HomeLocal NewsMugabe wanted to beat Kaunda on tenure — WikiLeaks

Mugabe wanted to beat Kaunda on tenure — WikiLeaks

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President Robert Mugabe was so obsessed with eclipsing former Zambian President Kenneth Kaunda’s 27-year stay in power that he rejected advice from aides and his personal doctor to leave office in 2007, a leaked United States secret cable has revealed.

The revelations were allegedly brought to light by Reserve Bank of Zimbabwe governor Gideon Gono during a meeting with Katherine Dhanani, a US Foreign Affairs official then with the Harare Embassy. The meeting was held on September 5 2007.

President Mugabe was also concerned about the then Vice-President Joseph Msika’s health and infighting in Zanu PF and said he wanted to leave office after ensuring a Zanu PF victory in the 2008 elections.

“Gono told us he had broached President Mugabe’s retirement with him by suggesting the country needed his memoirs. President Mugabe responded with a litany of reasons as to why he did not wish to step down now,” reads the report by Dhanani.

“(Mugabe) agreed with (former British Prime Minister) Tony Blair on one thing — the time to step down was after leading one’s party to victory, thereafter giving it time to consolidate before the next election. He did not want to have led the party for much of his life and then see it get defeated after his departure . . . There had been questions about his legitimacy, and he wanted to put those to rest through an election victory next year.”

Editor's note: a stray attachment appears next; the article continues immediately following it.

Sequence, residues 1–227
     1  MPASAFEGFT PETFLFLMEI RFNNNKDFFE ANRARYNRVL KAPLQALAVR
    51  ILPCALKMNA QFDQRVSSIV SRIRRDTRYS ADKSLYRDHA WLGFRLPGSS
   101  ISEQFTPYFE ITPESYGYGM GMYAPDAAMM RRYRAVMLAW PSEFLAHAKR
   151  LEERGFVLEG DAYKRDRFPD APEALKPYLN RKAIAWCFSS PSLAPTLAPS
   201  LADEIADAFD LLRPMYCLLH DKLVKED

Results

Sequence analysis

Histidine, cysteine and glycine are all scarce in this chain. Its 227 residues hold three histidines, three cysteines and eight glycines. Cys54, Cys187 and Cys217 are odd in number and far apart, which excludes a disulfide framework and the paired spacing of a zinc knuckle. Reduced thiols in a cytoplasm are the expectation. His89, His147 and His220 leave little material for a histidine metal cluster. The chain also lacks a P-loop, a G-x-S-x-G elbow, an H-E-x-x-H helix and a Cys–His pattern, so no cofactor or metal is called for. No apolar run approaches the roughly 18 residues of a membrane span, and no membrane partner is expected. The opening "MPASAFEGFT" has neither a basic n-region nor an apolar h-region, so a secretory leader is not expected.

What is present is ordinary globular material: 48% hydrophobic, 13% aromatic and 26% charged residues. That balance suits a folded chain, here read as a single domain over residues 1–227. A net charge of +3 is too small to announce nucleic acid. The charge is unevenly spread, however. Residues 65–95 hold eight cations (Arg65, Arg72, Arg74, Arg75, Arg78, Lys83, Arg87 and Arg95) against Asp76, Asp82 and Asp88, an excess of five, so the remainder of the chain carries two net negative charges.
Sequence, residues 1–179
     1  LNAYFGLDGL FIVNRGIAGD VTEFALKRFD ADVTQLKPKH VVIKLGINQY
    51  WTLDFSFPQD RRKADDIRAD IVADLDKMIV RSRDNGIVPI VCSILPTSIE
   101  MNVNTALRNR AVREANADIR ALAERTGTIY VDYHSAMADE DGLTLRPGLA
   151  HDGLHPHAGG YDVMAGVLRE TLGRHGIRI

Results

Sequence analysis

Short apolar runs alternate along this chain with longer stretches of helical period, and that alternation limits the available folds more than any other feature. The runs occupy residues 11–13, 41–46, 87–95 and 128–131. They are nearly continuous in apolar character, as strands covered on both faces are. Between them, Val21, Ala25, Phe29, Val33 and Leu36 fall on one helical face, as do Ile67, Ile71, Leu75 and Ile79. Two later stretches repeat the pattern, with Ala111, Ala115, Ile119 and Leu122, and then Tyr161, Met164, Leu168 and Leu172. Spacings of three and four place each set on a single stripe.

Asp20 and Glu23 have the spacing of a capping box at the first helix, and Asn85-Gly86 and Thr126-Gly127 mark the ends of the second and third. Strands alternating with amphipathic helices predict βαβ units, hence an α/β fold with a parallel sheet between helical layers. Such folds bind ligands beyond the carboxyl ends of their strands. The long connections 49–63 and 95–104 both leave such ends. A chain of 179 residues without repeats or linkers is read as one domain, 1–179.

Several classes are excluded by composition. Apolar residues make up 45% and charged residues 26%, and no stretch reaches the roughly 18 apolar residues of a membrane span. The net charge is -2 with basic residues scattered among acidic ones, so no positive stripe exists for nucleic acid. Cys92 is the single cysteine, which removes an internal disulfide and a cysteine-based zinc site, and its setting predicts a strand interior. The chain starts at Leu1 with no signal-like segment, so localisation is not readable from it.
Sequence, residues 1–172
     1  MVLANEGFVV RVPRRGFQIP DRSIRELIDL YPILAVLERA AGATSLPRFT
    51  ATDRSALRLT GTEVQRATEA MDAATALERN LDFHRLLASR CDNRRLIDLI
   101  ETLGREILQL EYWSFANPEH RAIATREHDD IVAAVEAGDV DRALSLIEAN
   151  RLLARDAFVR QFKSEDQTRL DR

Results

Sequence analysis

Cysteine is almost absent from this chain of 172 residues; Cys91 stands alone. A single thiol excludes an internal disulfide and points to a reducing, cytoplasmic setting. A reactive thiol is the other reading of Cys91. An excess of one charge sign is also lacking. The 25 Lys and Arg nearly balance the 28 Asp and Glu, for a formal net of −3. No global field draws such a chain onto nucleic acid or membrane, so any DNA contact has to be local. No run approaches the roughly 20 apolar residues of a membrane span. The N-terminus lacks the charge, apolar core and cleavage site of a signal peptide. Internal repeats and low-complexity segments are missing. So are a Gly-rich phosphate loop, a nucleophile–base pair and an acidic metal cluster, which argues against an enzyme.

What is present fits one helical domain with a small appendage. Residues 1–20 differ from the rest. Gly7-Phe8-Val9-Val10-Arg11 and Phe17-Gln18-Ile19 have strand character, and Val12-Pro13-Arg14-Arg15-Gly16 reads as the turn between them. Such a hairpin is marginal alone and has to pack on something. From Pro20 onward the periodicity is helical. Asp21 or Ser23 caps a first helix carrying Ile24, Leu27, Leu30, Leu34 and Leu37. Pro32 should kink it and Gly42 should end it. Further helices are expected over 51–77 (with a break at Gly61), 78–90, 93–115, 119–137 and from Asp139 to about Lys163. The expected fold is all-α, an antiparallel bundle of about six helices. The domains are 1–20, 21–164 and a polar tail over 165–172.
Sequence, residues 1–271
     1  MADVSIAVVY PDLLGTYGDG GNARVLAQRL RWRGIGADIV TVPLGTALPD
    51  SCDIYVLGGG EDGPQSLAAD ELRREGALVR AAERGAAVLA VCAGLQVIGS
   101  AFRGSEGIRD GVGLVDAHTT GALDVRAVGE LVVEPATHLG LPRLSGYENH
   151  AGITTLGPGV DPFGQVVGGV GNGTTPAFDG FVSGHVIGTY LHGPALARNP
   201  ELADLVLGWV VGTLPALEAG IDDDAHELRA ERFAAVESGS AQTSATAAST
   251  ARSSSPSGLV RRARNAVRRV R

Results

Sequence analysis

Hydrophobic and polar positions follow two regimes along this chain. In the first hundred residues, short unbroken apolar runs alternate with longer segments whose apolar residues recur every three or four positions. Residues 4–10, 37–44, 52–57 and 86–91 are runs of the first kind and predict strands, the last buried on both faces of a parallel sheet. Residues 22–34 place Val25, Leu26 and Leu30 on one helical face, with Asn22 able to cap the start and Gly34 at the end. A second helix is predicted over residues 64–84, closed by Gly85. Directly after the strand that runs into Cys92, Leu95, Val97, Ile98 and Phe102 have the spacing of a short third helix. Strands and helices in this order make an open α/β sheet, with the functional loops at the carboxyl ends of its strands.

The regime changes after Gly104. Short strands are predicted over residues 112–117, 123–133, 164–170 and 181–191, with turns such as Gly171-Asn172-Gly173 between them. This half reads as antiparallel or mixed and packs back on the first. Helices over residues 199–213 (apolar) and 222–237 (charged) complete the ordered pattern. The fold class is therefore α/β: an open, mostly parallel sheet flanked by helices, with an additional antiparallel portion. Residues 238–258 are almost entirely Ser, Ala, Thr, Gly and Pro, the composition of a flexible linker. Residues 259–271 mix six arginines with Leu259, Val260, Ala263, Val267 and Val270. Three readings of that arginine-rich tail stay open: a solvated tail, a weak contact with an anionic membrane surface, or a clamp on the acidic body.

According to the report, Gono suggested President Mugabe had a long-standing grudge against Kaunda.

“Former Zambian President Kenneth Kaunda had left office after 27 years. (Mugabe) wanted to exceed this, which meant staying on until next year.

(Note: Gono thought Mugabe felt a personal rivalry with Kaunda since Kaunda had supported Zapu).”
Gono also revealed that President

Mugabe’s Malaysian personal doctor had relocated to Harare as concern increased over his health.

“In a hushed voice, Gono then told us President Mugabe’s personal physician from Malaysia was now living in Harare, close to Mugabe. He said he (Gono) alone was part of health discussions with Mugabe and the physician,” wrote
Dhanani.

“The physician had urged Mugabe to step down immediately; continuing as President would be dangerous to his health.

President Mugabe had resisted and asked him to keep him going until next year’s elections.

“The physician agreed on condition that President Mugabe leaves office right after the election. President Mugabe agreed.”

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